You are probably wondering what’s so special about a video of a little boy vacuuming the stairs. For sure he is cute and it is heart melting that he is helping out, but why share it here?
Please meet Surpreet, one of my favourite young men! We first met in Spring 2014. He was a very different child then. His mother, Preeti, and I struggled to have a conversation because Surpreet was so agitated. He was around 6 years old and his stimming was so bad he was constantly bouncing up and down and tugging at everything around him. He dribbled, made noises but did not use words, often expressed frustration and avoided eye contact. His lack of response made it hard to know whether he even realised I was addressing him.
So it was that I learned how Surpreet had been diagnosed as high on the autism spectrum. His parents had been told fairly unequivocally not to expect much improvement, and had exhausted many other possibilities in allopathic and complementary care to help their son.
I started to work with him, for around an hour at a time. I always worked at a distance, never face to face. I would do a session, email Preeti feedback and then wait to hear from her. Changes were evident after the very first session. He was calmer, stopped dribbling, and showed more interest in food. The breakthroughs that followed exceeded expectations, and soon he was asking to eat sausages, sleeping through the night and asking for the toilet when he needed it.
Fast forward to 2016. Now when I blow him a kiss, Surpreet giggles, and flashes me a cheeky smile as he waves good bye, making direct eye contact. He loves food. Persuading him to eat had been a chore; now he will want to taste whatever you are eating, as well as clearing his own plate. One of his favourite treats is a family outing for pizza, which is all the more amazing because he can now actually join the family for a meal in a noisy restaurant. Previously he found such environments intolerable.
He has grown not only in inches, but also in his comprehension of the world. He not only knows how to ask for what he wants, he appreciates the complexity of humour and teases even his teachers at school. Yes, he goes to school! He started to use words, and has begun to write.
Preeti was unable to take him to the shops previously; now he goes to school on the bus (on his own!). This summer he enjoyed his first holiday abroad, including site seeing and visiting a chocolate factory. Previously he couldn’t tolerate noise and became agitated and frustrated very quickly, now happily travelling by bus, train, plane and car! He has a best friend at school and has just been moved up a class because his progress has exceeded all expectations. He loves swimming, and started to pack his swimming clothes on a Sunday evening without being prompted, ready for Monday’s swimming class.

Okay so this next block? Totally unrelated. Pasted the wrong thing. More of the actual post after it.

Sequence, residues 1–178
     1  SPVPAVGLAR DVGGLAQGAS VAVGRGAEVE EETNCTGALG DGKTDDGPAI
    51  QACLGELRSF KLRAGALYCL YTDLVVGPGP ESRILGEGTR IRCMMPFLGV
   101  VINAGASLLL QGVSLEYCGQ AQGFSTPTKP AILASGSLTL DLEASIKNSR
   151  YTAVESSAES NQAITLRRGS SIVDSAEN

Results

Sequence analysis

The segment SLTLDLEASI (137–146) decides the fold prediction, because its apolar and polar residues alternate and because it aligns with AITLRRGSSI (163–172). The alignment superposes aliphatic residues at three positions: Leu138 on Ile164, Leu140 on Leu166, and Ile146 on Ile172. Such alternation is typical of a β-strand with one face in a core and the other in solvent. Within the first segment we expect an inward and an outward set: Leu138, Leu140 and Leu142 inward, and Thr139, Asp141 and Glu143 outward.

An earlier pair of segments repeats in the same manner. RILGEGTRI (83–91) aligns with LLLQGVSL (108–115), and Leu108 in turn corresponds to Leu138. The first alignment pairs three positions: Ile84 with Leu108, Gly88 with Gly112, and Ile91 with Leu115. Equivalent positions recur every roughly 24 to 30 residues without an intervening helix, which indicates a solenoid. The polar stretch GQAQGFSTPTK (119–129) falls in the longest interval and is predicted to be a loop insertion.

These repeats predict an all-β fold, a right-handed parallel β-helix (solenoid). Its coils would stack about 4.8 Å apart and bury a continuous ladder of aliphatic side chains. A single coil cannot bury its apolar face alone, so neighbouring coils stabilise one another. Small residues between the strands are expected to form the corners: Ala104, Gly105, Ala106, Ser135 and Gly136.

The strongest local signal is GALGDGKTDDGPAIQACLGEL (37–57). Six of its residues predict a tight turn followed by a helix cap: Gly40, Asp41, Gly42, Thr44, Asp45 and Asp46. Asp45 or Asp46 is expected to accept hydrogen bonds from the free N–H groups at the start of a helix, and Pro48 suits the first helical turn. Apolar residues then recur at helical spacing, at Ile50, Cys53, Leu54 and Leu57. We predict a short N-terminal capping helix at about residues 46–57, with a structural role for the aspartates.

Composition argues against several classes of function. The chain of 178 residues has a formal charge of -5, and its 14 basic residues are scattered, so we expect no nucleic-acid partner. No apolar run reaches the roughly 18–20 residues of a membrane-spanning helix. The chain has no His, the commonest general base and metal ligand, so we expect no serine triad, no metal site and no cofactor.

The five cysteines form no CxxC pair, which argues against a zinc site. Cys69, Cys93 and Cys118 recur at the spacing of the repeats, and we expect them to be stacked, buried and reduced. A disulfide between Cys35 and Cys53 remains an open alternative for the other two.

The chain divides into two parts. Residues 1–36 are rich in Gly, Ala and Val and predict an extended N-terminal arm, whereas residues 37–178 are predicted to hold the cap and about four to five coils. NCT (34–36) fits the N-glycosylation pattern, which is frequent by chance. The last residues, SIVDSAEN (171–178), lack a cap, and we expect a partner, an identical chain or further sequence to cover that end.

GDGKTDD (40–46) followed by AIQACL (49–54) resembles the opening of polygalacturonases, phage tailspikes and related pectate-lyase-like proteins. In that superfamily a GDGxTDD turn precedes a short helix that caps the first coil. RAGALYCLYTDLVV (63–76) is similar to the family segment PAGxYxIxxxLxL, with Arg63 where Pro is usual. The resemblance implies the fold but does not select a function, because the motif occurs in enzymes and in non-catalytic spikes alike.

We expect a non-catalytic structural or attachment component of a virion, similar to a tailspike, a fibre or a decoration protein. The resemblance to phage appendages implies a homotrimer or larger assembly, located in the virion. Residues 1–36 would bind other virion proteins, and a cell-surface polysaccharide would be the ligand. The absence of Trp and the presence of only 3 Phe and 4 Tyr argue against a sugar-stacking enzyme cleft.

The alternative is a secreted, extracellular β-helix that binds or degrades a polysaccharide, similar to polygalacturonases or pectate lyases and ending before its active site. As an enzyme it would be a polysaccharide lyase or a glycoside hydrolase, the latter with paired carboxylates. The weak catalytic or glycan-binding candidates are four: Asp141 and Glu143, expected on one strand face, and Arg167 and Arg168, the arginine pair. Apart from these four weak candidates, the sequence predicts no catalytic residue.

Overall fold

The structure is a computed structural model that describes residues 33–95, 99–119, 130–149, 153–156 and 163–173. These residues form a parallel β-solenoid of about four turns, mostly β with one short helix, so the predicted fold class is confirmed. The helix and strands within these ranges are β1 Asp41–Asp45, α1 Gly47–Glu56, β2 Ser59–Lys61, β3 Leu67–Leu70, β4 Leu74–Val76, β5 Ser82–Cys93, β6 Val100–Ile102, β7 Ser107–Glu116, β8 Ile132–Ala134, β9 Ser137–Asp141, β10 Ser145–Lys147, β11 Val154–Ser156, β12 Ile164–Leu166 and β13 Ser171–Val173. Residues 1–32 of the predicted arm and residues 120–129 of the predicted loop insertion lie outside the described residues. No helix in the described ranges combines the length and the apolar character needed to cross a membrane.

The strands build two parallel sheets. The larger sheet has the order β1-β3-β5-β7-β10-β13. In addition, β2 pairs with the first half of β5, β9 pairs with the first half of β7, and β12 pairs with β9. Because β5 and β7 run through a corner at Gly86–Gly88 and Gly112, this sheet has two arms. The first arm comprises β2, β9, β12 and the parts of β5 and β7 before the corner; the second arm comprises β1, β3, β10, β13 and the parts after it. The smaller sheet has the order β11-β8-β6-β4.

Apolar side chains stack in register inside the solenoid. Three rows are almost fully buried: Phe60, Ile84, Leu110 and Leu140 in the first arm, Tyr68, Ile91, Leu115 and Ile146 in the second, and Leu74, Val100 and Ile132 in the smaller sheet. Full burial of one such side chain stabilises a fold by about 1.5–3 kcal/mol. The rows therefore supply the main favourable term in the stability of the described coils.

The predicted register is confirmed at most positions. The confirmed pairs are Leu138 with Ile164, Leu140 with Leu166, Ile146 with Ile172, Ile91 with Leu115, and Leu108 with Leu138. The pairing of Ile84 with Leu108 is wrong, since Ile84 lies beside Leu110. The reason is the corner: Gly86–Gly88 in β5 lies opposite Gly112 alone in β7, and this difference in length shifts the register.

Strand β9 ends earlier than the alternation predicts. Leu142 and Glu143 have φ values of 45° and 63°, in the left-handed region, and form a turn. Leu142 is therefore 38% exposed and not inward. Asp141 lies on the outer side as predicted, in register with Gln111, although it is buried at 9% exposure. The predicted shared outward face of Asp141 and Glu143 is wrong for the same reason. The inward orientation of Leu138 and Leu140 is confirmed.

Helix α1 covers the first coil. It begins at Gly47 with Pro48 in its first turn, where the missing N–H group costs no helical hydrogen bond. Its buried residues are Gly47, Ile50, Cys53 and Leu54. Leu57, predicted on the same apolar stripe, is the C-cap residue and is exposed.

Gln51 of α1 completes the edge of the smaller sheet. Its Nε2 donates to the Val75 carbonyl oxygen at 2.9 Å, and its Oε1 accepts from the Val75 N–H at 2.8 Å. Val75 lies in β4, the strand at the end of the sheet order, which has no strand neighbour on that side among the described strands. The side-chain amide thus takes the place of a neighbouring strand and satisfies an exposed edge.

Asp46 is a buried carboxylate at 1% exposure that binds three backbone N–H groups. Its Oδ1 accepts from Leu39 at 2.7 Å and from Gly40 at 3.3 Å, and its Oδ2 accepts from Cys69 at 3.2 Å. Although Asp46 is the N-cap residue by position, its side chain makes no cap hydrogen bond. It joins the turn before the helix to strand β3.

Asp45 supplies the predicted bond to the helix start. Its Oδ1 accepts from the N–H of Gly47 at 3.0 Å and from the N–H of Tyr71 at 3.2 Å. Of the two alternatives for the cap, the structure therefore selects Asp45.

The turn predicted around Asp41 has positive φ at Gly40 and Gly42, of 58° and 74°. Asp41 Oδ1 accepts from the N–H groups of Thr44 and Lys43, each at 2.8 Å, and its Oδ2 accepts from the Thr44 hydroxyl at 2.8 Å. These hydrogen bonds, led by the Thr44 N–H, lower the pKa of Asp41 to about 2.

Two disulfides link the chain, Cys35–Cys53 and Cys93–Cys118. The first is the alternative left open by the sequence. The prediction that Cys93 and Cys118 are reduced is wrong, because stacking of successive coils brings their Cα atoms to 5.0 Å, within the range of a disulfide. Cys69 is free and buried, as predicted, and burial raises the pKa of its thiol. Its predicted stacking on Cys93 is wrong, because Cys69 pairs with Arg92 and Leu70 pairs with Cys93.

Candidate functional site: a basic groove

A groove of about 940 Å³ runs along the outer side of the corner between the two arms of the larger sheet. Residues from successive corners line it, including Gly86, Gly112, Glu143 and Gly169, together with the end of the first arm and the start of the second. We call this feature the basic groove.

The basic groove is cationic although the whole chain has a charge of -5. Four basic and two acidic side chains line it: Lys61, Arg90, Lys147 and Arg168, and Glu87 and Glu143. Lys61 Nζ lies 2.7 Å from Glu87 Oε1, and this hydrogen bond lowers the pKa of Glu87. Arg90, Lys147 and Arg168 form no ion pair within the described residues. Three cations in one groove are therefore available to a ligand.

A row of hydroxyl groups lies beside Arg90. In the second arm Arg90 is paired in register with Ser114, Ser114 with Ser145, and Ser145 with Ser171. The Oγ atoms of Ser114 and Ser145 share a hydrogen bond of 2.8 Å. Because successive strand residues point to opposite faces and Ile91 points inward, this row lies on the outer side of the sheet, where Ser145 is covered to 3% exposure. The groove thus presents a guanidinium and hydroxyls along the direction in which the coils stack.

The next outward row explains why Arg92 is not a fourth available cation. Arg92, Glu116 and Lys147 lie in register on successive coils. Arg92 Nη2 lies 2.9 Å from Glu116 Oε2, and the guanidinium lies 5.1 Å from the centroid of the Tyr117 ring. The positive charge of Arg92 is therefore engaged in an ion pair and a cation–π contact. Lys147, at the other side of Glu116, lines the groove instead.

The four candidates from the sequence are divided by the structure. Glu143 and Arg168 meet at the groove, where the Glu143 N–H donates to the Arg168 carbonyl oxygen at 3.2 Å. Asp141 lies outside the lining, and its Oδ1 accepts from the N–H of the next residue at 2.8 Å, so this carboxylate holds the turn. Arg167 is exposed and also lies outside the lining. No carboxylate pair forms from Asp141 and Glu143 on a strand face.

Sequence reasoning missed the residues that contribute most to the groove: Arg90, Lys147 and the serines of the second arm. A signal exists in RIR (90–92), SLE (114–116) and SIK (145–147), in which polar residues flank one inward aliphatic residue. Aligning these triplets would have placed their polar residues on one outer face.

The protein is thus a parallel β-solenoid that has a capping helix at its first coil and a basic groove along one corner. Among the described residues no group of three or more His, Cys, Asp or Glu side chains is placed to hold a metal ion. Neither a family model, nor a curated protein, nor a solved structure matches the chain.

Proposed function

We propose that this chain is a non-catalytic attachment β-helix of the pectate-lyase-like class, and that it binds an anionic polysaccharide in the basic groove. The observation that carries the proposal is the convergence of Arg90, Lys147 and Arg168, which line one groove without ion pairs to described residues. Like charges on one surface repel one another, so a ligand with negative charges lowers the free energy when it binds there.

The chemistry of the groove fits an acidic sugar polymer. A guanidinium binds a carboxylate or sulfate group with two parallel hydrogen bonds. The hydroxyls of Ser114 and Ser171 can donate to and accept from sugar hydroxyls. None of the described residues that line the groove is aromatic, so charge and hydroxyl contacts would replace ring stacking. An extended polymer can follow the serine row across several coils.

All these changes didn’t happen overnight (although some were within days). We have had periods where we have worked together more intensely, and then other times more sporadically, according to Surpreet’s needs, and continue to do so. Throughout, Preeti has remained determined to find what best supports her son. This includes looking after herself better, as well as ensuring Surpreet’s nutrition, exercise, sleep and activities all support his well being. I am so impressed by this young mother’s determination, often in the face of opposition by health/education professionals who doubted her son would progress (and often insisted in their opinion, to the point of demoralising and upsetting her), as well as scepticism from family, friends and community.
Although we continue to work together, our objectives now are different to those in the first sessions. This is no longer just about making life more comfortable for a child who often appeared to be isolated and in extreme distress. Instead it’s more about supporting him so he thrives and realises his full potential, like any other child. He is so bright, intelligent, funny and gentle! I have every expectation he will continue to confound all the expectations attributed to him as child labelled as autistic.
So now you know why this is not just another cute video made by another proud parent. It really is magical that this boy (who only ever used to walk on tip toes), is able to balance this equipment on the stairs, understand the task, appreciate which nozzle works best for which part of the task and be able to attach/detach it accordingly, as he completes the cleaning thoroughly, without supervision. He used to hate the noise of the vacuum; who would have thought this would become one of his favourite ways of helping his mother!
Preeti and I decided to write this piece together because when I asked her to describe what had changed for Surpreet we realised that the list was so long we both struggled to recall all the improvements! I had forgotten how much he used to bounce up and down, and she tells me that, even as she wrote her testimonial, she became quite overwhelmed at realising how far he has come. She recalls so many moments now that she never expected to see, like the second video (below) which captures Surpreet playing quietly and patiently with his sister. Previously he vented his frustrations through aggression and preferred to keep his own company.
We both hope that hearing Surpreet’s story will encourage other parents in a similar situation to remain strong and positive, even when they are exhausted and have no idea what to do next. Amazing, unexpected progress is possible! If ever you doubt that, come back and visit these videos and let Surpreet remind you!